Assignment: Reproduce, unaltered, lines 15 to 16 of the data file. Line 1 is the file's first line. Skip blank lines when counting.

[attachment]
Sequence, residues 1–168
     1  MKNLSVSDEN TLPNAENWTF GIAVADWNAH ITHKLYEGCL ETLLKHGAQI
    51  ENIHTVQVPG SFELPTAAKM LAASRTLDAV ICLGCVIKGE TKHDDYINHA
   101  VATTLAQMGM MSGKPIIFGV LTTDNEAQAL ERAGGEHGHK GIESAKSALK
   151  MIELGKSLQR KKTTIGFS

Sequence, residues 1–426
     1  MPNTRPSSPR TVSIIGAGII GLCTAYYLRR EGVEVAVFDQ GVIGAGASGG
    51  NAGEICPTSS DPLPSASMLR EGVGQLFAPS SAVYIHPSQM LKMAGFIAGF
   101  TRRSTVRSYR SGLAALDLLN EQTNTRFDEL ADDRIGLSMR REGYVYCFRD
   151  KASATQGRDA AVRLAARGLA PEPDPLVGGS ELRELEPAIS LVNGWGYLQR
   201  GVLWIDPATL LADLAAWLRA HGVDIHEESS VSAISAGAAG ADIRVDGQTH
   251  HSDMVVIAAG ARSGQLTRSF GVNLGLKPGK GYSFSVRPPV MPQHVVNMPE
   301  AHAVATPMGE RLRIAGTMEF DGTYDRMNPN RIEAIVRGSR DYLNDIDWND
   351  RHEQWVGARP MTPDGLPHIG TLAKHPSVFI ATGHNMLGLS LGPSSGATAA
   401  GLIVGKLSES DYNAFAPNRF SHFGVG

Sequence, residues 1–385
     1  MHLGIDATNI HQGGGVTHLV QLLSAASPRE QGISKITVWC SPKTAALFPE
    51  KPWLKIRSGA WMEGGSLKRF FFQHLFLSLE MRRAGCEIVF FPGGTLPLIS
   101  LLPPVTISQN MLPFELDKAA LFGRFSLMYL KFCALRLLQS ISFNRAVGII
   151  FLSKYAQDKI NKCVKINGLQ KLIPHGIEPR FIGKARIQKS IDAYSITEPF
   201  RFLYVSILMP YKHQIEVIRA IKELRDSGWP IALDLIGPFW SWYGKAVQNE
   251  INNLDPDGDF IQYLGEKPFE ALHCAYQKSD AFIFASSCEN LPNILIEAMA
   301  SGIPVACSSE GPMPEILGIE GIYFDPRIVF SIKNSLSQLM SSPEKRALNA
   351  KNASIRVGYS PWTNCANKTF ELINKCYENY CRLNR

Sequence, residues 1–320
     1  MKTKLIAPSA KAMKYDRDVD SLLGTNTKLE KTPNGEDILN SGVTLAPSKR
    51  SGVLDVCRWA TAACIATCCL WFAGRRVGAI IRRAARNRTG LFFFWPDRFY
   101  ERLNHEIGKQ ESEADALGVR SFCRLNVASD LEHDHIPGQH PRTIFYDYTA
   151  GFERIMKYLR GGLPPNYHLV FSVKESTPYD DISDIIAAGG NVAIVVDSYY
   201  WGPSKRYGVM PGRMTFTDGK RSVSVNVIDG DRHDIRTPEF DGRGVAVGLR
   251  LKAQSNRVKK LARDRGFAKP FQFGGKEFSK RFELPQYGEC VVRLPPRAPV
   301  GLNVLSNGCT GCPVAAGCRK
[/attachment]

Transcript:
   401  GLIVGKLSES DYNAFAPNRF SHFGVG

Sequence, residues 1–385